Q: Is there a particular type of exercise that is best for reducing visceral fat?
A: I strongly recommend both resistance training and aerobic training, plus nutrition counseling to directly address reducing visceral fat specifically.
Q: As a runner, are heart rate monitors on GPS watches accurate enough, or should I be using a chest strap?
A: I personally like to use a heart rate strap. It is more accurate. I notice every time I run with my GPS watch the heart rate tends to be off a bit. But if you are not hydrated or rested well, your heart rate will be effected too.
Q: Can you have HIIT days broken up with less intense cardio on interim days?
A: Absolutely. HIIT can be very modifiable as discussed during the talk. You can work at a lower intensity but the rest period can be shorter as an example.
Q: Do smart watches accurately measure heart rate?
A: Most wearables will give you a good feedback, however heart rate tends to change greatly with several factors like your temperature, heat , cold, etc.
Q: Sounds like a Tabata workout may possibly not provide enough recovery time. Guess it depends on fitness level. Thoughts?
A: Absolutely, Tabata is a great way to get fit, however if you need extra time to recover, just cut back on the intensity. You will still get a great cardiovascular effect. So just slow down.
Q: Why do we sometimes hear about people having heart attacks during treadmill workouts? Are these people pushing too hard, or might they have some sort of predisposition that they are unaware of?
A: Most heart attacks happen in arteries that are 50% blocked or less and are caused by a plaque rupture that quickly blocks off an artery. This process is demonstrated in this PLC YouTube Video. A plaque rupture in the arteries can be caused by many things including exertion while exercising. We always recommend for people over 30 to get clearance from a physician to ensure your heart is healthy enough to start a new workout regimen. After 40, adding a Coronary Artery Calcium Score or Cardiac CT Angiography to your healthcare regimen will give you added peace of mind that you can start, continue or increase intensity with your workout regimen safely.
Q: What is the typical recovery time from a heart rate perspective from 85% max to resting heart rate?
A: Normally we look at total time to base. We recommend around or within 2-4 minutes. If this is not enough then it could mean you are still not ready to train at 85%, so decrease intensity.
Q: Question on maintaining 70% of my Max HR during the HIIT 1 min rest period. As a 67 yr old runner with an Apple Watch – I notice my heart rate drops from 130 to 100 in the first min of recovery. How can I train such that the HR stays above the 0.7 of Max? (During the 1 min rest period)
A: When your heart rate drops that quickly, it is a great sign that you are getting stronger. Your rest periods should be modified to a shorter period of rest.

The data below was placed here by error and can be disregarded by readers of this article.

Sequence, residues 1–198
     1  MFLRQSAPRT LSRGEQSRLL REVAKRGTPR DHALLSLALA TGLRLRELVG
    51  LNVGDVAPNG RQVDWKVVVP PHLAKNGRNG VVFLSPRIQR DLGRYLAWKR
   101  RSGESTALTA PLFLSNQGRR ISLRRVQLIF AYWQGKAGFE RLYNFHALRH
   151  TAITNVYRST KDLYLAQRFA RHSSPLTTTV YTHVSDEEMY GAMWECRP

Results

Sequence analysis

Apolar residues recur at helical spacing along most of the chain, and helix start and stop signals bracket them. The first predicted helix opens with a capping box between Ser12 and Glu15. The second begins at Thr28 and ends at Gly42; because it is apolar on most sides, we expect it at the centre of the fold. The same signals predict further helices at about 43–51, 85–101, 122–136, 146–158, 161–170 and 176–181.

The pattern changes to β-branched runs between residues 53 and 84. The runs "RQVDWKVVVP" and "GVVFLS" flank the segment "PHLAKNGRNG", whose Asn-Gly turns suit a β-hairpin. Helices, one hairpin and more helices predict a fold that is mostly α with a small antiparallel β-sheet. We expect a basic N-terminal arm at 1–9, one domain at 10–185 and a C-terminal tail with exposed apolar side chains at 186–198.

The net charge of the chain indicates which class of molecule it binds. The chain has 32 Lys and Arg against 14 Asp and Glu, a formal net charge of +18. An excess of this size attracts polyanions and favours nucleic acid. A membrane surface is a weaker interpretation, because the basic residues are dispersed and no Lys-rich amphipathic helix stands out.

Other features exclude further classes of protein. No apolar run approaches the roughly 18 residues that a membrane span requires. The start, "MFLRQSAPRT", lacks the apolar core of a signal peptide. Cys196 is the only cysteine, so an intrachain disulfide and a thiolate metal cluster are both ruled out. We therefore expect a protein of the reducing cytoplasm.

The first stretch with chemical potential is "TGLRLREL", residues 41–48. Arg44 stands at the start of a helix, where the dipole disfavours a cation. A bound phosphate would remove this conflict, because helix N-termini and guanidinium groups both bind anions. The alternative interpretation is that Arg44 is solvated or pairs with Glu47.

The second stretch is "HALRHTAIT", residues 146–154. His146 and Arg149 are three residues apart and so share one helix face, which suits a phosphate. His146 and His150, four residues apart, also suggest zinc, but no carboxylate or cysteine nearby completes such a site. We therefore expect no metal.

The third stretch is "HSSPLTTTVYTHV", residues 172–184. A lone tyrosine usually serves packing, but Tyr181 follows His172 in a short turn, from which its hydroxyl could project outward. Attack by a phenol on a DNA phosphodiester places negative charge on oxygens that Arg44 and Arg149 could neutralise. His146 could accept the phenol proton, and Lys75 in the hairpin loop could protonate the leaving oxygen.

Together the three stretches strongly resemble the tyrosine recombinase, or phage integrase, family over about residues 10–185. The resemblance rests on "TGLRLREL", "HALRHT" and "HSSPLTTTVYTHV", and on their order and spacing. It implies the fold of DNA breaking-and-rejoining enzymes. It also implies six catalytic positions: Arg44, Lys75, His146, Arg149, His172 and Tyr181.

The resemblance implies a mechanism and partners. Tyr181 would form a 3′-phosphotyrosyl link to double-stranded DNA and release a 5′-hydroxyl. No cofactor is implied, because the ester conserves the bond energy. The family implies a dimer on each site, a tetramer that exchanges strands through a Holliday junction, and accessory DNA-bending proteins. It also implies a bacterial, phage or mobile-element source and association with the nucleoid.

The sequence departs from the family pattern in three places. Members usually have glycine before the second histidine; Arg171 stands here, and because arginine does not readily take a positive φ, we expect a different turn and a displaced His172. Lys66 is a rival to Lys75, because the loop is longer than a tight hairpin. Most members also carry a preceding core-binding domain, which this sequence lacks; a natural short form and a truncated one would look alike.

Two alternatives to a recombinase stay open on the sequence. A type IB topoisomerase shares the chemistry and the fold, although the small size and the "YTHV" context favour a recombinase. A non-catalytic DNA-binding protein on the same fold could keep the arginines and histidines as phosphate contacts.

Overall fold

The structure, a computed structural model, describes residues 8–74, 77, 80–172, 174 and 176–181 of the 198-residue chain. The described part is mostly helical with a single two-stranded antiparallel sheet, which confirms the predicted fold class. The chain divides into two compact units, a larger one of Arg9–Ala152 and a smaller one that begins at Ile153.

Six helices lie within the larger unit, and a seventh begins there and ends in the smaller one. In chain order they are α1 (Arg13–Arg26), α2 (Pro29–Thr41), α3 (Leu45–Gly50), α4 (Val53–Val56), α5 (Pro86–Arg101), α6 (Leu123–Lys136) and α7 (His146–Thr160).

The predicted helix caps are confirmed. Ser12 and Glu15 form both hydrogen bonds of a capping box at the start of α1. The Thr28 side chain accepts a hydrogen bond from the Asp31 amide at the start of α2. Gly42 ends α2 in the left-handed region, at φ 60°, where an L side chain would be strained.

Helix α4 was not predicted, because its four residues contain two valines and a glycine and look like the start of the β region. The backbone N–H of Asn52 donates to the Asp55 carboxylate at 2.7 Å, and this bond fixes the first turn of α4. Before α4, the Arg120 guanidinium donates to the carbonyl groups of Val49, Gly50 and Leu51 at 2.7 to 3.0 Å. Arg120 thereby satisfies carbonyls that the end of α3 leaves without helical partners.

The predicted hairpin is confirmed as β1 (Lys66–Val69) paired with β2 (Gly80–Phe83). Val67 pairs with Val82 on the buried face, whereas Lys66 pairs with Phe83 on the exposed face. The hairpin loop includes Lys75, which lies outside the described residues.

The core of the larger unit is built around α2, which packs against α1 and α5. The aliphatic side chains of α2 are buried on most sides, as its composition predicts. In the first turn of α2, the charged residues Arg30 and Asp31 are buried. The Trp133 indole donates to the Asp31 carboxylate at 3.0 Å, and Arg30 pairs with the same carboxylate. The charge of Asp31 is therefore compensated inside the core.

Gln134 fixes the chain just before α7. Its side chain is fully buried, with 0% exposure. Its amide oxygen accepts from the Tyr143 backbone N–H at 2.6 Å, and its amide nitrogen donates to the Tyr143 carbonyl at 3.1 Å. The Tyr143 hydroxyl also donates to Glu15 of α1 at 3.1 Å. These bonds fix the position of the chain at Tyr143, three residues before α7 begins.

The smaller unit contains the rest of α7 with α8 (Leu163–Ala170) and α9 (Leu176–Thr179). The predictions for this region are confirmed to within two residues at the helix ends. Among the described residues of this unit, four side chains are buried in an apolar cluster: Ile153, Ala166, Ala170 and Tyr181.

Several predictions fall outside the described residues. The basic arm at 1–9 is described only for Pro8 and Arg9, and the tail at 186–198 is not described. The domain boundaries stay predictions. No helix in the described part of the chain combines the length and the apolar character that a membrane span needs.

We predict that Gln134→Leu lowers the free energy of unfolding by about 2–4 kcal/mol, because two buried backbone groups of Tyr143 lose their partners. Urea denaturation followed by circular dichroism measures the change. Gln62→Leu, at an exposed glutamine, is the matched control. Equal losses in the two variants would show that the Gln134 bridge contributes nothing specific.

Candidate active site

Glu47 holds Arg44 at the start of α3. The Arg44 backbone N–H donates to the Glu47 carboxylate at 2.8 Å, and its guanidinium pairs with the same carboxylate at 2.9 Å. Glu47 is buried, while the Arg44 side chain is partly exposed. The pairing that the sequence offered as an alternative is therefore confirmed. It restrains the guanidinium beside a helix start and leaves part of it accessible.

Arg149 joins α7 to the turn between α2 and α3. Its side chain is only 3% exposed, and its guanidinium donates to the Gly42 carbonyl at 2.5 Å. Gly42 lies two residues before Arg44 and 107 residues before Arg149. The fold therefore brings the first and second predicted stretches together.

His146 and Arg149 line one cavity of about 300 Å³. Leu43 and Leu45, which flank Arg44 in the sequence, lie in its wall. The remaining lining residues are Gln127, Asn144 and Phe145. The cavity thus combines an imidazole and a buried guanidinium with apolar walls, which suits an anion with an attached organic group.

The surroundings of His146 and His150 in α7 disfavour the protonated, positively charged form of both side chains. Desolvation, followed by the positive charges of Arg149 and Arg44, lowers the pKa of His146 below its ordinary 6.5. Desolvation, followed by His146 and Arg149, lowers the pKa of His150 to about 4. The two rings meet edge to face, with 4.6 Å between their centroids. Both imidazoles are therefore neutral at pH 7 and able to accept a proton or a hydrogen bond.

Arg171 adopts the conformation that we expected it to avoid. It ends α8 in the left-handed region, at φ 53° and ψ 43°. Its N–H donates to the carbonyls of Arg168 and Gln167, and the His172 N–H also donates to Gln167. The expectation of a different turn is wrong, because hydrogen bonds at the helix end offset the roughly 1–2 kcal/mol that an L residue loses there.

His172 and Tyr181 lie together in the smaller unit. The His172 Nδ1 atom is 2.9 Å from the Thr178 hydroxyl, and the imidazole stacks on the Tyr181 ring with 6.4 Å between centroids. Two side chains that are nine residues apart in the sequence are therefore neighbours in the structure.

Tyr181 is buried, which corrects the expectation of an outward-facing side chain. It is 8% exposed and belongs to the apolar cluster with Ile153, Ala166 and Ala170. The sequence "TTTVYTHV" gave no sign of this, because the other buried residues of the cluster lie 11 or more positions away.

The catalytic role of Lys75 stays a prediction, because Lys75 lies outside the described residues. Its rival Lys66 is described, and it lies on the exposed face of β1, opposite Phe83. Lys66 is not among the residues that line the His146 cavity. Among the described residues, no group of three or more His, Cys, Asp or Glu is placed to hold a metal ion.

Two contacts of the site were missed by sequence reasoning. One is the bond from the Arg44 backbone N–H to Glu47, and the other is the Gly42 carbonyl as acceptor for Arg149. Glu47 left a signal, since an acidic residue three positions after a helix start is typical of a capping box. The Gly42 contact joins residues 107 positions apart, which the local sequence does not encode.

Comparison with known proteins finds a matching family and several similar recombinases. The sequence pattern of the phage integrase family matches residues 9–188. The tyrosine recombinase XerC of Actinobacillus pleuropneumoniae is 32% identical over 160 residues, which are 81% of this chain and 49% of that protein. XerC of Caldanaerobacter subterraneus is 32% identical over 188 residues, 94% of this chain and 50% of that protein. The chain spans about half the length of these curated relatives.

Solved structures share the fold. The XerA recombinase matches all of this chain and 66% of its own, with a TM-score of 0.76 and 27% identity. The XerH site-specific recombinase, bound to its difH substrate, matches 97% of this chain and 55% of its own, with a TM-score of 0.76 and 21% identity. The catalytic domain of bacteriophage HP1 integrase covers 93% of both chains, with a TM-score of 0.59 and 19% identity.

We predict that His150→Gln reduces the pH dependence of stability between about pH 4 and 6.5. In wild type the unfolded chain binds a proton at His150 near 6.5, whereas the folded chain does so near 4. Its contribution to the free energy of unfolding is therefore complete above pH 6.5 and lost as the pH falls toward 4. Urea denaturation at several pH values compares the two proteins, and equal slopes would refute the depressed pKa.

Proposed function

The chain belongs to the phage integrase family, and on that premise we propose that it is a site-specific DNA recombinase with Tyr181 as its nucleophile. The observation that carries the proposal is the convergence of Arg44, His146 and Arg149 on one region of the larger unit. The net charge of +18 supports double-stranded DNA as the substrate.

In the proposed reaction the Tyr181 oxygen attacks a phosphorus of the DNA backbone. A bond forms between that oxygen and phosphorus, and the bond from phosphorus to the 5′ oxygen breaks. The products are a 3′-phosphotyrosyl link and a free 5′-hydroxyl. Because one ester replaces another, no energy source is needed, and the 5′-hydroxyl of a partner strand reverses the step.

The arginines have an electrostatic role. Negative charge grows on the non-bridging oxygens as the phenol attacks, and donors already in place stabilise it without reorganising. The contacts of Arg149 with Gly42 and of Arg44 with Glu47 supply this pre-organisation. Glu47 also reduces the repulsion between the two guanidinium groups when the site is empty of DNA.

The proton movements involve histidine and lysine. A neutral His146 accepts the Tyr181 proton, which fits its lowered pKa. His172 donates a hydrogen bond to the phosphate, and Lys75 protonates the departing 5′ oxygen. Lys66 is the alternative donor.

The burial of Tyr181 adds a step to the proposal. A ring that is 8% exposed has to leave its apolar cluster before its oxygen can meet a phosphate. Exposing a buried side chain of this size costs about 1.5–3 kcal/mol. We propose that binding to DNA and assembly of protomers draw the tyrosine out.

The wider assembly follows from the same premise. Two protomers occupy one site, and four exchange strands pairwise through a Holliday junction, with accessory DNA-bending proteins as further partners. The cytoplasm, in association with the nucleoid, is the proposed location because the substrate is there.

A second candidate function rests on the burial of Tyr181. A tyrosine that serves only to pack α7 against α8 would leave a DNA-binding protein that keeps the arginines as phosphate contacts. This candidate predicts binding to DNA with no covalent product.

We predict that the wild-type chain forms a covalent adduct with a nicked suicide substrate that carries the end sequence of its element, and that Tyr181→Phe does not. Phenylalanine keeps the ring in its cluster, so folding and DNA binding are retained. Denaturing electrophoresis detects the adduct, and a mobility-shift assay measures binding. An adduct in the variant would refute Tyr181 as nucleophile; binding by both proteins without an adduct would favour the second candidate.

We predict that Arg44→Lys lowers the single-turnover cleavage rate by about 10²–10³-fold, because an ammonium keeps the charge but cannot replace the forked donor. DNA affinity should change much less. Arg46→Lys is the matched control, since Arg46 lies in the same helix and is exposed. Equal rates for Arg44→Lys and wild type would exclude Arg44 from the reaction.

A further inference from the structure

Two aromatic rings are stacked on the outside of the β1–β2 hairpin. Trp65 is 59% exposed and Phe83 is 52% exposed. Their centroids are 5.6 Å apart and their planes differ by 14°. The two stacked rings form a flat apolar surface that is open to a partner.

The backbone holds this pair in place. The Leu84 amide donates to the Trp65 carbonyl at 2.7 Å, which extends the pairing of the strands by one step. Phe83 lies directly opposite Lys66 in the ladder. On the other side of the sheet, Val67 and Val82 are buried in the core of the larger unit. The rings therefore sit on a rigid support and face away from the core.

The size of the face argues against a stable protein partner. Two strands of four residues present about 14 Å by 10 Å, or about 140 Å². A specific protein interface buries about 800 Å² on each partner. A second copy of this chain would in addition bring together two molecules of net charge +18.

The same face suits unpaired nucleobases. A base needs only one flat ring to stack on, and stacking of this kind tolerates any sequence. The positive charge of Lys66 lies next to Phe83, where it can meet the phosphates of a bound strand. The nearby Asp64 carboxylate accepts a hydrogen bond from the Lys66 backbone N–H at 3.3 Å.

Q: I am pushing 70 years of age. I am strictly a fast walker up hills. A typical workout is a good 45 mins then slowdown. Is this good exercise for me?
A: This is called interval work. If you can keep your heart rate even for the duration of your walk, you are doing great. Play around with the speed; Go 5 minutes faster then 2 minutes a bit slower. It’s a great way to be introduced to intervals. Congrats.
Answered by Elli Kmiec, Registered Dietitian at Princeton Longevity Center
Q: What is your opinion of the long term effects of a keto type or Low Carb/High Fat (LCHF) diet?
A: First, I want to start with saying if you are following the keto diet as a medically prescribed diet (i.e. for neurological conditions like epilepsy) this response does not pertain to you, I would advise to continue the diet and continue working with your physician and registered dietitian. For everyone else, my “beef” with keto or any low carb high fat diet is that often it is done for quick (and often dramatic) weight loss results. For most this extreme and quick weight loss is hard to maintain and often results in muscle weight loss especially if followed without appropriate physical activity.
When wanting to follow a LCHF diet for weight loss purposes and not for medical purposes it is important to do so in a modified way to prevent extreme low carbs and subsequent beneficial complex carbohydrates. Complex carbohydrates help prevent visceral fat build up, may decrease risk of some cancers, contribute directly to maintaining a healthy gut microbiome (and subsequently neurological health as well), aid in energy metabolism and more. From a body composition standpoint as well, our muscles need adequate carb intake as muscle fullness actually is dependent largely on carbohydrates. I wouldn’t recommend dipping below 30% of your calories from *complex* carbohydrates while following a LCHF diet outside of medical need.